Garry Wills in The New York Times:
One expects a book by Philip Bobbitt to be over 900 pages (“The Shield of Achilles,” 2002) or just under 700 pages (“Terror and Consent,” 2008). Then how can he diet himself down to a mere 200 or so pages of text on Machiavelli? Bobbitt is a great systematizer in the Toynbee mold — “Shield” gave us six different state systems since 1500 (princely, kingly, territorial, imperial, national, market). “Terror” focused on one condition (the market state), but that state is still in formation, so Bobbitt argued its case more (and more and more) extensively. Then how does he deal with Machiavelli so compactly in “The Garments of Court and Palace”? Very easily, as one can tell by the frequency of his self-citations in the new book. He just shows us how wonderfully Machiavelli agreed with Bobbitt’s longer works — as if Niccolò had read them half a millennium ago. Machiavelli is often viewed as surprisingly modern, but does that have to mean he must be surprisingly Bobbitt?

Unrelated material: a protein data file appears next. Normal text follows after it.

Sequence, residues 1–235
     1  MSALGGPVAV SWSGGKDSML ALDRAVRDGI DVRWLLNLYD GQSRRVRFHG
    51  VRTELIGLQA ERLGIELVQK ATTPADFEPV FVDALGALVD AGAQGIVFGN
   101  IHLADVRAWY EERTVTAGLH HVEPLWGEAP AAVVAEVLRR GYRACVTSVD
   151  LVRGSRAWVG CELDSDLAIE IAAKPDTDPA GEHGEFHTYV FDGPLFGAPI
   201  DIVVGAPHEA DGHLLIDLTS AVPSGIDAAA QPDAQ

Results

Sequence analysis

Machiavelli fits into Bobbitt’s scheme because he is the expounder of the first of the six state systems in “The Shield of Achilles,” the princely one (Machiavelli even graced the form with its Bobbittian name). Bobbitt believes that legal systems are changed by military strategies, often by military technology. So, in 1494, when Charles VIII brought bronze cannon into Italy, threatening fortress walls and smashing the governments that relied on them, Machiavelli had to propose new walls, along with new states to defend them. This must mean that Machiavelli was interested in new technologies for war — though in fact he was not very interested in forts (he thought they were less vulnerable to siege than to inner rebellion). In the encyclopedic “Art of War,” he suggests an improved design for forts, but he is still concerned with inner rebellion (he forbids an inner keep where the residents can hole up and tells us starvation is more effectual than siege). Nor did he invest his time or energy in the technological innovations of Leonardo (their one collaboration, diverting a river, was an ancient concept, and it failed).